Hise remained calm and ask them once again to put the beer on the ground and leave the compound. One of the three men exited the compound, but the other two remained inside. The man who had stepped outside the compound began to call Hise a "chicken shit Buck Sergeant", and asked him to step outside the compound to fight him. He continued to call Hise all kind of names, and as the verbal assault continued, a large crowd was developing. The man would not stop with the challenge of a fight, so after hearing enough, Hise told him that he would be off duty in about two minutes and that he would be glad to oblige the man's wishes.
I happened to be watching the event unfold and placed myself in the doorway with my back against the door frame. The relief Sergeant had just arrived to relieve Hise off the shift, so Hise took off his pistol belt and gave it to him. Now the other two who had remained inside started to exit the compound and one purposely jostled me with his body as he was exiting. I immediately tripped the guy sending him sprawling into the street, and the other man hurriedly exited the compound.
The first man was still calling Hise outside after seeing one of his friends stumble to the ground from me tripping him. The other man who had made it outside the compound picked up a large stone and was about to hit me with it when I executed a well-placed kick into the man’s chest and sent him reeling backwards hitting the ground. Upon seeing his friend being taken out of the fight so quickly, the other man ran away.
Not knowing how the first man, who was still yelling at Hise, was going to react after seeing his friend hit the ground, Hise immediately ran to the man who was calling him out to fight and executed a flying side kick, knocking the man down. However, the man quickly got up and attacked Hise. Within a minute Hise had executed and landed numerous kicking and striking techniques on the man until the man was beaten to the ground. Finally the man said that he had had enough, so Hise let him up.
By then, I had also made short work of my opponent and sent him scurrying away with a bloody face and some seriously bruised ribs.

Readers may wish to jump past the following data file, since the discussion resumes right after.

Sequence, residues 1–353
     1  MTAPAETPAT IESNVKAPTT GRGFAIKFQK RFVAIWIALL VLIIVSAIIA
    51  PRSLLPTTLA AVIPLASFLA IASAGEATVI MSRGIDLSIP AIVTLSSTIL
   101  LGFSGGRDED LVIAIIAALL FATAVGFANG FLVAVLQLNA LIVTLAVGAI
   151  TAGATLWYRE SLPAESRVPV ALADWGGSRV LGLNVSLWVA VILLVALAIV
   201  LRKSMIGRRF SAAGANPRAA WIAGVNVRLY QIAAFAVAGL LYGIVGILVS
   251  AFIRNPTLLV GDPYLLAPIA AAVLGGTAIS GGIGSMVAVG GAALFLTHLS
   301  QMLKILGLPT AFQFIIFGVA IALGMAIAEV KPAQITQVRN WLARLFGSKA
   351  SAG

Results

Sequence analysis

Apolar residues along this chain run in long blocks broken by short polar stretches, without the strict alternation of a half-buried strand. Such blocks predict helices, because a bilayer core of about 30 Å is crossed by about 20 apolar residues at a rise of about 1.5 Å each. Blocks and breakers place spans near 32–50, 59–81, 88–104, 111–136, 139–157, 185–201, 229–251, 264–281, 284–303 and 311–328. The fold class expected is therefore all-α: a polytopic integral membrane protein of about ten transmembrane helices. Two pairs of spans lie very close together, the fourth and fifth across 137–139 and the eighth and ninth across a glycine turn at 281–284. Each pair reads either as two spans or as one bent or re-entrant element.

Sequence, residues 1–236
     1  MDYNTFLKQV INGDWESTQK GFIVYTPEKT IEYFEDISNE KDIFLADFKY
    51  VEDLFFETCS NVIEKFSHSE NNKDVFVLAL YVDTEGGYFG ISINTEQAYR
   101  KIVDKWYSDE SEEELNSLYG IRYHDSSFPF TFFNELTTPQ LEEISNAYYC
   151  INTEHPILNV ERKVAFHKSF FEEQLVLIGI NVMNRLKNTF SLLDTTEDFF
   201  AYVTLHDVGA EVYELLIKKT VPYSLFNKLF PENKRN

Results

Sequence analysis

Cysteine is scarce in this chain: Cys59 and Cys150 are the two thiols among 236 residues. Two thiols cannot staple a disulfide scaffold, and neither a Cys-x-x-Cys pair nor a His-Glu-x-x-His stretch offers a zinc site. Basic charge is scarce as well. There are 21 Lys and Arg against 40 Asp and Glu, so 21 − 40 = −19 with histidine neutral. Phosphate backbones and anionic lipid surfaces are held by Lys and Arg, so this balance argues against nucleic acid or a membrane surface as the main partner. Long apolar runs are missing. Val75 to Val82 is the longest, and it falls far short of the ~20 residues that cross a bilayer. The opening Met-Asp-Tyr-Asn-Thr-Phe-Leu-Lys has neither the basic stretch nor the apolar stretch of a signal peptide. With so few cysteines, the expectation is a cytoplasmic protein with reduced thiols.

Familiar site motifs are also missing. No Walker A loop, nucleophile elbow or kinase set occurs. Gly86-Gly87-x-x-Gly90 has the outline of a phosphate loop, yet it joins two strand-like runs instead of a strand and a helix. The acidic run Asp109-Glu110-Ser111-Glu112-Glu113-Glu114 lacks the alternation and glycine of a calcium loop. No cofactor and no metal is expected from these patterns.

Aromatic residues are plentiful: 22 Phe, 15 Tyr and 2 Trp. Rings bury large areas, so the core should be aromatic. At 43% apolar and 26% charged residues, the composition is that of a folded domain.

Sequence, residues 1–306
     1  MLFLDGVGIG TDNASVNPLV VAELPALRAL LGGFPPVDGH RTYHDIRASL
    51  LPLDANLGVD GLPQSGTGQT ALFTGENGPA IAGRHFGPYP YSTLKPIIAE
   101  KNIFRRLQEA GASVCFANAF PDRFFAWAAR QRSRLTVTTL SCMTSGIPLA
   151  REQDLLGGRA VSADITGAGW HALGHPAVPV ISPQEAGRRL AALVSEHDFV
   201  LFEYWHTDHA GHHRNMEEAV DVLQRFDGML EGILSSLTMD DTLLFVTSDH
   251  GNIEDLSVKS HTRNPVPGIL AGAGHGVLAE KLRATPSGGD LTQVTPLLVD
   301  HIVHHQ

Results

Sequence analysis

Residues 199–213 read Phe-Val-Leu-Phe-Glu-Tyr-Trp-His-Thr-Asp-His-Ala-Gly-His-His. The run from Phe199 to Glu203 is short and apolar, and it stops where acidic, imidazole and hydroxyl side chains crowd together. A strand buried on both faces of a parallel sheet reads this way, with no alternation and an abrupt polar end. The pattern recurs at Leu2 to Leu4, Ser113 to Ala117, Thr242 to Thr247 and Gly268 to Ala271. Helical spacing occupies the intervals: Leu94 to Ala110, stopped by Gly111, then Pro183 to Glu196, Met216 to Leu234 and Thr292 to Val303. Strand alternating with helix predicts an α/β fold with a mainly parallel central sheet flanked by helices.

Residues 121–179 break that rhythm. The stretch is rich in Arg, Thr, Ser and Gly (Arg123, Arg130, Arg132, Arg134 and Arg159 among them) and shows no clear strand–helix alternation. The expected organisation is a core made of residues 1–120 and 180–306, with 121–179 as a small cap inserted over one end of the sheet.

The man that Hise had beaten up walked down the street about 100 feet and turned toward Hise. He began another verbal assault and again told Hise that he was coming back to beat the hell out of him. The amazing thing is that he immediately came back and attacked Hise once again. The results were the exactly the same for the man as the first time. Once again the man said that he had had enough so Hise let him go again.
Now this man had just taken two beatings, and as he got to about the same distance as he did the first time, he once again turned to Hise and once again said he was going to beat the hell out of Hise. By this time, we were both stunned at the tenacity of the man, or perhaps at his foolhardiness.
So, the man comes back again and once again attacks Hise. This time however, Hise had had enough and after another flurry of hard kicks and punches the man hit the ground. Hise told him to leave and never come back to our unit again or he would meet with the same fate. This time, the man left and did not return.
A few days later we heard that the man Hise beat up could not get out of bed the morning after the incident, and that he had been taken to the hospital. Of course we were concerned that we might be called to our company commander’s office, but we never heard from anyone. As it turned out, this particular man had a very bad reputation for instigating fights and beating up on other military personnel. Perhaps that is the reason we never heard anything from our CO’s office.